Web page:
To be successful with social-media brand building, Mr. Stallings says it helps to understand what brand building means–and how much time and money it warrants. “Branding is about the immediate associations people make with a company, but it’s not about getting referrals or new business, so we don’t spend much time on it and really no money,” he says.
It is also helpful to grasp the nuances of social-media types. While Facebook works for touchy-feely branding, Twitter is better for “asserting thought leadership” through short statements linked to economic analysis and other compliant content, he says.
Mr. Stallings doesn’t claim that Balentine has social media all figured out, however. “All we’ve got are anecdotal insights; people saying it’s refreshing we’re not talking about investments and products and services–and of course it’s nice when the same people who told us we didn’t need to be on Facebook in 2010 call now to ask for help with their own social-media plans,” he says.
- By Thomas Coyle
Posted by Steven Maimes, The Trust Advisor
Everyone in the industry knows they need to bring in new assets and new accounts, but it takes more than bolted-on AUM to take a viable business to the next level. We asked thousands of financial advisors for the keys to success and you told us: efficiency is king.
According to ByAllAccounts data, firms of all sizes — whether they’re under $25 million in AUM or $1 billion or more — cite the need to grow AUM and strengthen client acquisition as their most important priorities.
No surprises there. But what’s striking is what’s cited next on the wish list: maximum operational efficiency and on the other side of the coin, an end to the headaches of manual data entry.
Our data tells us that on average, the bigger the firm, the greater the perceived need for operational efficiency.
Firms with $700 million in AUM stress operational efficiency more than firms with $300 million in AUM, who in turn rank it higher than firms with $100 million.
This correlation holds true for firms of all sizes up to $1 billion at AUM, at which point the importance of operational efficiency seems to level off.
Three conclusions we can draw from this data set:
1. Growth requires scalability, and all too often, that’s lacking.
Business growth brings its own unique set of challenges. With manual data entry, for example, you can get by on a smaller scale—but once volume increases, you’re saddled with an inefficient and potentially error-prone process that is not inherently scalable.
So many human hours required to enter data, but so little time to actually do it!
Thus, the bigger a firm becomes, the more urgently its advisors cry out for scalable solutions that meet operational requirements for timely, error-free data reconciliation, performance reporting and the full range of back-office functions. (For additional information on how to overcome the limitations of manual data entry, see our Operational Efficiency eBook.)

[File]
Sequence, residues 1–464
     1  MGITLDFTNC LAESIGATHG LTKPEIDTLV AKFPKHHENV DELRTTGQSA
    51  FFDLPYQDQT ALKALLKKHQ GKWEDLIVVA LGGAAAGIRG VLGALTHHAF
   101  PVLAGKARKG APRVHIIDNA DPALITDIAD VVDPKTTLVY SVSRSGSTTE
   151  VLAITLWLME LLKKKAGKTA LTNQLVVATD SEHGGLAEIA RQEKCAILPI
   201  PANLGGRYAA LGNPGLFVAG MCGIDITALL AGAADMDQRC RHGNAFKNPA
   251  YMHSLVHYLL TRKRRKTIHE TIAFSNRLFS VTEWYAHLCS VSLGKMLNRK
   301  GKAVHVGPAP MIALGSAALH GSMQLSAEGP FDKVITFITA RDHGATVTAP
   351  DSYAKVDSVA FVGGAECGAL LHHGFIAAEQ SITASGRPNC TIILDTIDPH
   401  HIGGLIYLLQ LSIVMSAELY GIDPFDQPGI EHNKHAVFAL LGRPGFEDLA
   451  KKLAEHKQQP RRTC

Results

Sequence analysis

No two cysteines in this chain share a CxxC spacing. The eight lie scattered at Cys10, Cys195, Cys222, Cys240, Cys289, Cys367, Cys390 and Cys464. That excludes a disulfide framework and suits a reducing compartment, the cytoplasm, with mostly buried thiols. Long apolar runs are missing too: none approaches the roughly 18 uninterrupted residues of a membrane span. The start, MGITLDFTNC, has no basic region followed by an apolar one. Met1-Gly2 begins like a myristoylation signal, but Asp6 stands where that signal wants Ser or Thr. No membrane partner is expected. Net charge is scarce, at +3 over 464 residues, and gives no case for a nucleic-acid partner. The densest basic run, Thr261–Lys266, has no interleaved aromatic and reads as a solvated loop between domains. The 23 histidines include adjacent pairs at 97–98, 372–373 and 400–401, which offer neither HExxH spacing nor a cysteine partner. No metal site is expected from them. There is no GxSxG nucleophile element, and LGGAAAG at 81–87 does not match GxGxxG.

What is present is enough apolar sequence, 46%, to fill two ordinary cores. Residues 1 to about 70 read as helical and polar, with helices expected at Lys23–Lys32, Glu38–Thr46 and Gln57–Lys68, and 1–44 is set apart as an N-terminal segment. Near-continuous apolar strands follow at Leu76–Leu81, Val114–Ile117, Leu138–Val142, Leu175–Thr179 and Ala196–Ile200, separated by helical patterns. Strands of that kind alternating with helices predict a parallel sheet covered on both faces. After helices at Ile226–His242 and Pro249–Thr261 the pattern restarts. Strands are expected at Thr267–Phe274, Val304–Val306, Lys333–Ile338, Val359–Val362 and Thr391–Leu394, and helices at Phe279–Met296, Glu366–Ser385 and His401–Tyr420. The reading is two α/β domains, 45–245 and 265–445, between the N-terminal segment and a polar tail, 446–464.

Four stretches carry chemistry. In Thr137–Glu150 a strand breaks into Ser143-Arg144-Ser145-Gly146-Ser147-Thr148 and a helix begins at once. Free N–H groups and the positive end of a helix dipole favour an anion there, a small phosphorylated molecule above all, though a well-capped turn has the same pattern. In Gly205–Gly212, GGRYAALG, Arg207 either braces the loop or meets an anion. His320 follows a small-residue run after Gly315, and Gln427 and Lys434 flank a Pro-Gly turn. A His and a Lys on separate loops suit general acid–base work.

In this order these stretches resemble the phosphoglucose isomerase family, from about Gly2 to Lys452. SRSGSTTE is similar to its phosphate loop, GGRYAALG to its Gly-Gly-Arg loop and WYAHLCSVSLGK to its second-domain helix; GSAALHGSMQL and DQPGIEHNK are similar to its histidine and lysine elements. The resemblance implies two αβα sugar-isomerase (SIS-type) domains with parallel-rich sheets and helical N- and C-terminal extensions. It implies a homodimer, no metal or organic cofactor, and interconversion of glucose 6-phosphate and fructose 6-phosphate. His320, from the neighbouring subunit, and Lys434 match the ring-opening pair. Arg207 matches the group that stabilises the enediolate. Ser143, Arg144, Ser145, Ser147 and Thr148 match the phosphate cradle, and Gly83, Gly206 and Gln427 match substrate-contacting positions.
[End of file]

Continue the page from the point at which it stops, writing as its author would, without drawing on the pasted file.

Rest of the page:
2. As firms grow, their principals confront hard questions about efficiency, productivity and accuracy.
The stated need for operational efficiency suggests that advisors are keenly aware of the limitations of manual data entry — and are asking the tough questions that go hand in hand with it:
What’s my time worth? And the time of my colleagues and staff? How many hours do I really want anyone at our firm spending on inefficient operations when, instead, they could be servicing our valued clients? What are the costs of incorrect or delayed information being given to these clients? And how does that impact our ability to meet clients’ expectations for the excellent client service they deserve?
Perhaps these questions sound familiar. If so, you’re dealing head-on with issues of operational efficiency, even if you haven’t formally put it at the top of your list of pertinent issues that require attention.
3. Pent-up demand for efficiency-enhancing solutions is finally being answered.
For the past several years, with uncertain financial markets, some firms have held off on investing in the people and technology that can help them improve operational efficiency.
Now, with growth topping the list of business needs, this trend appears to be reversing as more and more firms gear up and re-commit themselves to building their human and technological infrastructures.
At ByAllAccounts, this has created even greater demand for our account aggregation solutions. Advisory firms rely on us to electronically aggregate billions of dollars of account balance, holding and transactional information from thousands of financial institutions on a daily basis.
Each of these advisory firms receives a single, consistent feed to their back office operation and gains easy access to hard-to-reach accounts like 401(k)s, 529s and variable annuities.
This enables them to efficiently provide clients with a complete investment picture — and provide holistic investment advice — while eliminating the need for making point-to-point connections with multiple custodians and going through the laborious process of manual data entry.
For a more detailed look at how ByAllAccounts helps today’s advisory firm, please take a moment to review our Operational Efficiency eBook.
Model-only outsourced portfolio solutions are still making headway as cost-conscious industry leaders realize the pre-credit-crunch days of “business as usual” are never coming back. Upcoming conference lays down the new law.